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Jun. 5, 2020 | Friday
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NOTL town worker connects pen pals with long-term care residents
Lynda, a resident at NLTC reads her letter received through the pen pal program. (Supplied)

Niagara-on-the-Lake residents in a long-term care facility are staying connected with the community through a new pen pal program. 

Tara Druzina usually works in planning and development for the Town of NOTL but when COVID-19 hit, her role shifted more to community outreach programs. She came up with the idea to start the letters for residents program. 

The pen pal initiative came about after an overwhelming number of community members were reaching out to the town about how they could help others. 

“We’ve got this whole big community assistance program going and people are very interested in helping where they can,” Druzina says.  

“I had a whole bunch of people ask me what they could do, and there’s only so many people we needed to deliver food. So, I had to invent something that people could participate in.”  

This inspired Druzina to connect members of the community in a new way, through the letter exchange program. 

“I came up with the idea and reached out (to those offering to help) and then I used my own personal Facebook account and sent it out that way,” Druzina says. 

“We thought it would be kind of easy to connect the people on the outside with the people living in assisted homes on the inside. So, we put it out there.”

So far, the letters have been shared with Niagara LTC Residence and Upper Canada Lodge in NOTL but Druzina hopes to share the program throughout Niagara Region. 

“We’re ready to reach out to the other regional homes with the program as well and see if they’re interested in participating,” she says.

Chris Poos, program manager of the Niagara LTC Residence, says he received an email from Druzina that mentioned how local residents had been writing letters in support of residents in long-term care and others in the community who are a little isolated right now. 

“They really want to focus in on the residents in long-term care as a priority,” Poos says. 

It began with more than 30 letters being written by NOTL residents to long-term care residents in town and sent by email to the residences.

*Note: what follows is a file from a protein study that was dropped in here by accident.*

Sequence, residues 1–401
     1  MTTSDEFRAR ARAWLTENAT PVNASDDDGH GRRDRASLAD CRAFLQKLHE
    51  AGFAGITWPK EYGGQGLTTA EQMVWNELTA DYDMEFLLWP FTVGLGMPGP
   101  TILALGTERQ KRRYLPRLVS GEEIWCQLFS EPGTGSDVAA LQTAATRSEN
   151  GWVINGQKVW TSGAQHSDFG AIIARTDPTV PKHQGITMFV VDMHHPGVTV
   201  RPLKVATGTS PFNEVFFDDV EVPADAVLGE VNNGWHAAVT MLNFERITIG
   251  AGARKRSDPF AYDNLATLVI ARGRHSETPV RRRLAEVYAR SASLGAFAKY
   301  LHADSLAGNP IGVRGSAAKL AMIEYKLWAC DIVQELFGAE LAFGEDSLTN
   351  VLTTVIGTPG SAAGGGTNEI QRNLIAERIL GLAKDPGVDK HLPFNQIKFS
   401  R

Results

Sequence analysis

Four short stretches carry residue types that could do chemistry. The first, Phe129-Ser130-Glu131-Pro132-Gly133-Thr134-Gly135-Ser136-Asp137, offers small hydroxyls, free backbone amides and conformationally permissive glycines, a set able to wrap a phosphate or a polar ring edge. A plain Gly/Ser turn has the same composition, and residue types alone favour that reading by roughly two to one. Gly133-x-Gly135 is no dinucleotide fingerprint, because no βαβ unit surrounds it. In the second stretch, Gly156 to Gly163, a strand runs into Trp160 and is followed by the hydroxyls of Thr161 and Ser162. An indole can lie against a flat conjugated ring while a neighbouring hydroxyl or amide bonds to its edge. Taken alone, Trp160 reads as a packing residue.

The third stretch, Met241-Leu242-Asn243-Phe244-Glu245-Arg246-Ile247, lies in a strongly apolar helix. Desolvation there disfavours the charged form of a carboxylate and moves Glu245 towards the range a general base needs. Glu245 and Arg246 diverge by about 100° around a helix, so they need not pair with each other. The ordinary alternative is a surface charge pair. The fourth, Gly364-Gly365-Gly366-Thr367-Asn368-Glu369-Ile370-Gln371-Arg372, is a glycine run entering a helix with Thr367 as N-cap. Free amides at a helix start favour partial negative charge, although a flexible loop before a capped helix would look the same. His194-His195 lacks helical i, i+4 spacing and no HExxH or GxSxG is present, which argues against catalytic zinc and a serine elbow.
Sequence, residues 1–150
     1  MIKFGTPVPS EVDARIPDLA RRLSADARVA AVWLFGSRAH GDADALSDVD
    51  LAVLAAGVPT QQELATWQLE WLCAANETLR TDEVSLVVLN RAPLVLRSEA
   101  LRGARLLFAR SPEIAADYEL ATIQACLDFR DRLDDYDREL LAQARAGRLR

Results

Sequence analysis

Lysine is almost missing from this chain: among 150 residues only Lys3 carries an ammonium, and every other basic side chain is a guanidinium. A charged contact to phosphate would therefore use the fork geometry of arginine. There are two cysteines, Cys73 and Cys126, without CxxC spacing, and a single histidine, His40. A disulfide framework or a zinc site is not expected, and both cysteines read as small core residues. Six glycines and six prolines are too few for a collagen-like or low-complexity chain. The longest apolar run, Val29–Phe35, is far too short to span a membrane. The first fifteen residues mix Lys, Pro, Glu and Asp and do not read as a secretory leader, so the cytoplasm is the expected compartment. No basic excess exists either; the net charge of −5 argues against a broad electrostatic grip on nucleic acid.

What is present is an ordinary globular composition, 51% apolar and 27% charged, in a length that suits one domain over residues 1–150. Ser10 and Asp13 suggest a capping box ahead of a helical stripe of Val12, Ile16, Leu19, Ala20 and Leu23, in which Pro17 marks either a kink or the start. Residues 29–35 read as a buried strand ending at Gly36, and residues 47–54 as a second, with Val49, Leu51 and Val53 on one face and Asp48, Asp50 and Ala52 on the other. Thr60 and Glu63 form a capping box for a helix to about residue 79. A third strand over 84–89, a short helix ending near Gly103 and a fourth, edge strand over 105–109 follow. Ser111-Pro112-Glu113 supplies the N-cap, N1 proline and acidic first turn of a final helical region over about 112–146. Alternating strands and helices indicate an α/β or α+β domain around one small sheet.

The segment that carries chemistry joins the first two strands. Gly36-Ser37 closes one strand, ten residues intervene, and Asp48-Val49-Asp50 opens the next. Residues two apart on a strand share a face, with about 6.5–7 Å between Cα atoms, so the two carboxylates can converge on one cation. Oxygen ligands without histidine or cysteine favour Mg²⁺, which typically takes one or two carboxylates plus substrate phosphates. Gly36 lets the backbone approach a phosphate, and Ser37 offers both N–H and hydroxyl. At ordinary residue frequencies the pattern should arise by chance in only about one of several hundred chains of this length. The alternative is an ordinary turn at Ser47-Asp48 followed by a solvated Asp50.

Poos says the “wonderful letters of support just telling (residents) a little about themselves and how they are thinking of them during this hard time is really encouraging.” 

People taking time out of their day to write a letter for those who really need it is a great way to show support in the community, he says.  

He hopes the program won’t be a one-time letter, “that this will establish a routine, a connection between those in our community and our residents.”

The recreation team at Niagara LTC is taking time to sit down with residents to read the letters and put together responses. 

“There is no possibility of anything (like COVID-19) being transmitted accidentally by letter. This will be a completely safe and a great way of connecting because social isolation can be very difficult for our seniors, especially those that normally would be getting regular visits from their families, from friends.” 

Exchanging the letters is “really easy because I get the replies back from the residents and I just send it off to the originating emailer, and they get it, and then they write back,” Druzina says.  

Poos says this time is especially difficult for residents so the staff is supporting them by “doing lots of FaceTime and Skype, which is great, but will never replace true human connection. Every little bit helps during this difficult time.” 

“Any little impact that can bring a smile to a senior or anybody in our community who is struggling during this time to keep a sense of normality can be uplifting and important,” Poos says. 

The letters have left the residents at Niagara LTC feeling cared about by the community, he says.  

He thinks it’s great that people are doing this without ever having met the recipient. “This is just an individual that’s taking time out of their day, to reach out to someone that they have no true connection with,” 

That sense of care and purpose are important to the facility’s residents.  

“As we’re reading these letters, you’re seeing that twinkle in their eye, you’re seeing the smile grow, the sharing of stories,” Poos says.

“The largest untapped resource that we have is our seniors, their stories and their experiences and to share that with the greater community is important.” 

Anyone who wishes to take part can contact Tara Druzina at tara.druzina@notl.com

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